Web has always been about reinventing the wheel and putting existing technologies together in idealistic or marketable ways. Web browsers are the most energy-wasting and least resource-efficient software ever made. They make your computer burn a lot of electricity, drain the battery of your laptop and make you buy new hardware every 2-3 years because of the slowness they cause. For example, a computer from 2006 has enough resources to play a 720p HD video stream, with applications like Media Player Classic or VLC Media Player. Using a web browser for the same task would require a computer at least from 2011. If you tried to play a 720p YouTube video on a computer from 2006, you will end up a slowly playing, stuttering video while all your CPU and RAM are consumed. There are a lot of well-designed and well-made software outside of web browsers. There are great websites that collected these software, like portablefreeware.com or tinyapps.org. Most of them can be run in portable mode (no need for installation), so you can use them in restricted environments (or from an USB stick) as well. You can use them for various tasks. Here is a taste...

    • Videos
      If you want to search and watch videos from YouTube/Vimeo/Metacafe/Dailymotion (and a bunch of other supported sites), use 3D YouTube Downloader. Playing videos on your computer takes 3x-4x less CPU resources than in a browser. It can also download the audio tracks of video clips without downloading the visual part. Thus you will save a lot of network traffic if you only want to listen to it. Playing an audio track consumes 30-40x less CPU resources than playing a video track with audio. So you won't feel you need to upgrade each time lazy web developers come up with their new bloat.

    • Radios
      If you want to listen to or record over 17000 internet radio streams, you won't ever have to open a web browser again for that. Use streamWriter. It is an all-in-one streaming application. You can even record your streams simultaneously.

    • Social networking
      Tired of Facebook eating up all your computer memory and that it keeps getting slower and slower over time? There are a bunch of desktop applications that support Facebook chat, status updates, news feed, from the most highly configurable Miranda NG (for advanced users) to the very much user-friendly Instantbird or Franz. Skype? Viber? U kidding me? :P There are alternatives like Brosix that even apply peer-to-peer (serverless) communication, so you won't become dependent on any cloud service and won't expose your private data to profit-hungry corporations that sell you as an advertising platform. More advanced users can also try Tox.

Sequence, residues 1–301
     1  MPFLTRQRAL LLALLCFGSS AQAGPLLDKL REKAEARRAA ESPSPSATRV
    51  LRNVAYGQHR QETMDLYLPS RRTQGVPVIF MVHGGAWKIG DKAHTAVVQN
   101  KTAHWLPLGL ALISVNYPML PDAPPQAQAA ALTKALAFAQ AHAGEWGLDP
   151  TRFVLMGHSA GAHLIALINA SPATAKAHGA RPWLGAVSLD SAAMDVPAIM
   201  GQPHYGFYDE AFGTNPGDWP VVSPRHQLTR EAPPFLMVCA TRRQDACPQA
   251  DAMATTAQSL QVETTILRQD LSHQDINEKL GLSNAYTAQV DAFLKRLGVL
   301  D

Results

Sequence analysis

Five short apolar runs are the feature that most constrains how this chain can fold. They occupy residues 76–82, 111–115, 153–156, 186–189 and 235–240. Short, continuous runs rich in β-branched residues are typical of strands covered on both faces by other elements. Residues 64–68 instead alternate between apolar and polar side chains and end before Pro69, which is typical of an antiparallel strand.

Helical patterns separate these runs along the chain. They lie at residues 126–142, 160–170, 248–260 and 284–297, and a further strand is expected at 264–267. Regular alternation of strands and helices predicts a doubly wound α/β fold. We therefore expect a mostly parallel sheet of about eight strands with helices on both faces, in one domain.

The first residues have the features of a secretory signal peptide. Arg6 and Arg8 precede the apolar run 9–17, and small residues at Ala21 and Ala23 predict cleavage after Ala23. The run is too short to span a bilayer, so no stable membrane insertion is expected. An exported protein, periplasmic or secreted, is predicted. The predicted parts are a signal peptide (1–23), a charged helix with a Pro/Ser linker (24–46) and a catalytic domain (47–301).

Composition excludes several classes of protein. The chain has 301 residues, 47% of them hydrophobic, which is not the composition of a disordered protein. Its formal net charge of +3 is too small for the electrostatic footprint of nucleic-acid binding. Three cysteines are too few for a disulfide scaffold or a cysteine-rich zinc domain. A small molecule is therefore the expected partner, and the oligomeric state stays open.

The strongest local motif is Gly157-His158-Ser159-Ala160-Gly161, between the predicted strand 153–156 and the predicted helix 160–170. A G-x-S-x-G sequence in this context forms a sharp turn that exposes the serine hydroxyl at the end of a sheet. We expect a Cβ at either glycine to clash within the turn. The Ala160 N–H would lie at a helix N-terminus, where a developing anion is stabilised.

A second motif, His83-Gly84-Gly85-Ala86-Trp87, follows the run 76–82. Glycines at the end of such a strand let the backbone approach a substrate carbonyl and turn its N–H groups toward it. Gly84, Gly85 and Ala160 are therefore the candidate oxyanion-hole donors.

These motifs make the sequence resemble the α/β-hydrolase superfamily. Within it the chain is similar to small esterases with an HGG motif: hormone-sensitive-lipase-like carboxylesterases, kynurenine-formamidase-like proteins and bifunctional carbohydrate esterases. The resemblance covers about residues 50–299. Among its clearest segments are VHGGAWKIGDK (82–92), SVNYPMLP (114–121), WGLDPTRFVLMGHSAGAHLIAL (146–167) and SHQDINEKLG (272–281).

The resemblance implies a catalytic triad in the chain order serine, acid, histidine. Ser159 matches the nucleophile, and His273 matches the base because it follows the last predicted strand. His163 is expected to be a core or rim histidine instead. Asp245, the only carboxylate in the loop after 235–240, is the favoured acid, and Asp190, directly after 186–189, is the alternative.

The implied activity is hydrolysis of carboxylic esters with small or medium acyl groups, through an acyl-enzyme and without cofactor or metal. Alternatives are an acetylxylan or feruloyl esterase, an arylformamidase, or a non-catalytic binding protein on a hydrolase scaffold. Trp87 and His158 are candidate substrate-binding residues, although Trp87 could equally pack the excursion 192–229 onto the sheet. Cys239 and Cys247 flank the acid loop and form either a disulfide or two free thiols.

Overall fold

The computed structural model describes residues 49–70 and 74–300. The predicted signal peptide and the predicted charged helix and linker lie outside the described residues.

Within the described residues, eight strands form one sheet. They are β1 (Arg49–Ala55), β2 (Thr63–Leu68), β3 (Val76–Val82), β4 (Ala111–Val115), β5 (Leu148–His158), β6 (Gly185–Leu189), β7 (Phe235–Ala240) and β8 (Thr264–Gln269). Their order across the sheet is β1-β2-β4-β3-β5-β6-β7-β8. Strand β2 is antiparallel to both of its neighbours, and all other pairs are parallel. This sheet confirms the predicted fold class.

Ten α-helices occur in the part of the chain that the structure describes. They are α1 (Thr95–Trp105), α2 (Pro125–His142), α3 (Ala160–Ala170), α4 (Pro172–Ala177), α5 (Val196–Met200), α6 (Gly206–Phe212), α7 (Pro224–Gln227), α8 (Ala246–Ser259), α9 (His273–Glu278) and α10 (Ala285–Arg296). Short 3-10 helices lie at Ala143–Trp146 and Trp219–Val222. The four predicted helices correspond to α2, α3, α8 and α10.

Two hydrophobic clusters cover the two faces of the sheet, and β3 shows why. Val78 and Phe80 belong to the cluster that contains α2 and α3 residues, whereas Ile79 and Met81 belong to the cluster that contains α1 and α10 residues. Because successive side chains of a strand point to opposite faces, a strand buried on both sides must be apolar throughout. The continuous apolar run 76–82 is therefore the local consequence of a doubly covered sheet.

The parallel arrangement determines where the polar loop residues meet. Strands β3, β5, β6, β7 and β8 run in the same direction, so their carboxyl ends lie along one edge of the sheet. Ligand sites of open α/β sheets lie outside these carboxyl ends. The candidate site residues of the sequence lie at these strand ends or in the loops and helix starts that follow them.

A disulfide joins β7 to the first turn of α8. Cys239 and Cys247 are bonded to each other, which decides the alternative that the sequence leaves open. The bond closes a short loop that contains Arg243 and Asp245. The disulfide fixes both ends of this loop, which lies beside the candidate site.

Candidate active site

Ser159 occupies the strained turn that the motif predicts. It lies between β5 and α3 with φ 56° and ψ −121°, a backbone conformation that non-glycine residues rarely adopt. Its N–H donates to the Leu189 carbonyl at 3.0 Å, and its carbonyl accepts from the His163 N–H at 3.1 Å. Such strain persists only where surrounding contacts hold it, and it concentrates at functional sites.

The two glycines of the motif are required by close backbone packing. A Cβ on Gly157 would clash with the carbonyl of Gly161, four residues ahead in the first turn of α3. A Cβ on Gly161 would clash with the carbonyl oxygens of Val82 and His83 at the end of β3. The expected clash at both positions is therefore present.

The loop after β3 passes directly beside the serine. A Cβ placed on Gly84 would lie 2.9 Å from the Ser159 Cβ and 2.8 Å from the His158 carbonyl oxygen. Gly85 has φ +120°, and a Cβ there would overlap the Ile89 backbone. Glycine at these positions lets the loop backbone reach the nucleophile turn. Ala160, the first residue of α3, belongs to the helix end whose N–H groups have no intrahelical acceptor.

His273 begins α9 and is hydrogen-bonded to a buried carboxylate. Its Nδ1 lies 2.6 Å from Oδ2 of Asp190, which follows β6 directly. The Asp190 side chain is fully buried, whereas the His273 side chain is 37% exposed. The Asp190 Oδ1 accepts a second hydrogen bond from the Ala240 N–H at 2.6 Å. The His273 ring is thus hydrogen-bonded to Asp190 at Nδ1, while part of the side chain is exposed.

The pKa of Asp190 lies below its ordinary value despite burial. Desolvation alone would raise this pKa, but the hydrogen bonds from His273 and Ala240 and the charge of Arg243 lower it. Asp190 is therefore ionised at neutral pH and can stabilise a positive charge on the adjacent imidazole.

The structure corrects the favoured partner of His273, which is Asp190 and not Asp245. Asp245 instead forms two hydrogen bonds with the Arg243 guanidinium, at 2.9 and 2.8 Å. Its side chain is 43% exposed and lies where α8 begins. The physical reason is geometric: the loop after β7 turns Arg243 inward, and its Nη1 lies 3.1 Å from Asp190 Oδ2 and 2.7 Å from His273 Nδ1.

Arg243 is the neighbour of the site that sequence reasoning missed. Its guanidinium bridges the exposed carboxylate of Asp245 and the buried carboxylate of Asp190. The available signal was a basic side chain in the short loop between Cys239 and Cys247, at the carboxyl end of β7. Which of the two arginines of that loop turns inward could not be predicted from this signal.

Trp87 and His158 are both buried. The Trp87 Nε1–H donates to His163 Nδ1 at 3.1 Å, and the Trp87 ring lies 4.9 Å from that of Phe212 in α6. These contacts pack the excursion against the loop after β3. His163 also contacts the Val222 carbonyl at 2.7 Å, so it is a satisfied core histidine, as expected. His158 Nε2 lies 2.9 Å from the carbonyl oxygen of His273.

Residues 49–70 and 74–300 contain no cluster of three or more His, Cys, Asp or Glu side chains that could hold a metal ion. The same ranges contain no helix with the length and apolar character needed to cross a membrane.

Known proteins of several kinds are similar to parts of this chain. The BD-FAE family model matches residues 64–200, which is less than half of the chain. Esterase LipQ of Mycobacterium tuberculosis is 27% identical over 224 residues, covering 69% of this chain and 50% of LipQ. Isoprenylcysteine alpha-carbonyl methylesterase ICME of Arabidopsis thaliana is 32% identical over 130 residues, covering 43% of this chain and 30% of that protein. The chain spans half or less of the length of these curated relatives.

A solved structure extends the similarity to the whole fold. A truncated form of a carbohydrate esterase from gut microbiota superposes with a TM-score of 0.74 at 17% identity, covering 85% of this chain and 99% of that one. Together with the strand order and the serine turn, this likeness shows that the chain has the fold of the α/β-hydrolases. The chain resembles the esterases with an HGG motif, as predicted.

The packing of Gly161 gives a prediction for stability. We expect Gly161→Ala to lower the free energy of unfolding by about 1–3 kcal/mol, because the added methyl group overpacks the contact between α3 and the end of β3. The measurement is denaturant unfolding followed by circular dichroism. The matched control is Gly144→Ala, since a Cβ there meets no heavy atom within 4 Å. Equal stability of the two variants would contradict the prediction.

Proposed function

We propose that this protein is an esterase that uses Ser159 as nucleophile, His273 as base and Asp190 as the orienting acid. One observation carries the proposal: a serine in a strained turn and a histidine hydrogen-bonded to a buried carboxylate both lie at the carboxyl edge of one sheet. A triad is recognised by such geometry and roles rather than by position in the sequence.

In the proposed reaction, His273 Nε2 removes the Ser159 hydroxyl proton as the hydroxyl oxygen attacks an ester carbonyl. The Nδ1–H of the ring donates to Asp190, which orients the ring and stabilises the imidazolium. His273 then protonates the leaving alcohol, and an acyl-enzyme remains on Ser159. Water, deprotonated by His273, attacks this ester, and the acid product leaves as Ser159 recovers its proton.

• Still using Windows XP because it's faster & cleaner than newer versions of Windows?
      Unlike Chrome - developed by ignorant developers living their blind idealism - most of the software above still run on Windows XP. Don't ever fall for the fear propaganda generated by software giants that always want you to upgrade (which translates to buy new). If you use secure applications to connect to the internet, you can stay secure, even on legacy systems.

 

Always think twice before getting used to some online service! Cloud services are designed to store (and analyze) all your personal data, give the illusion of a convenient free service, while selling all their users (including you) as an advertising platform to marketing agencies that make you buy things you basically don't need. Using centralized services (like cloud services) has never been secure either. During the past years more than a billion online accounts have got into unauthorized hands, thanks to the insecurity of centralized services. These have been just a taste of how great applications there are outside of web browsers, which can be used efficiently for everyday life. Don't let yourself be fooled by the illusion of the so-advertised state-of-the-art-super-modern-cloud stuff. And you might never have to buy the newest computer again. ;)

These are the alternatives I could come up with so far. Everyone is encouraged to add theirs.

Greetings,
Pál Tamás Ács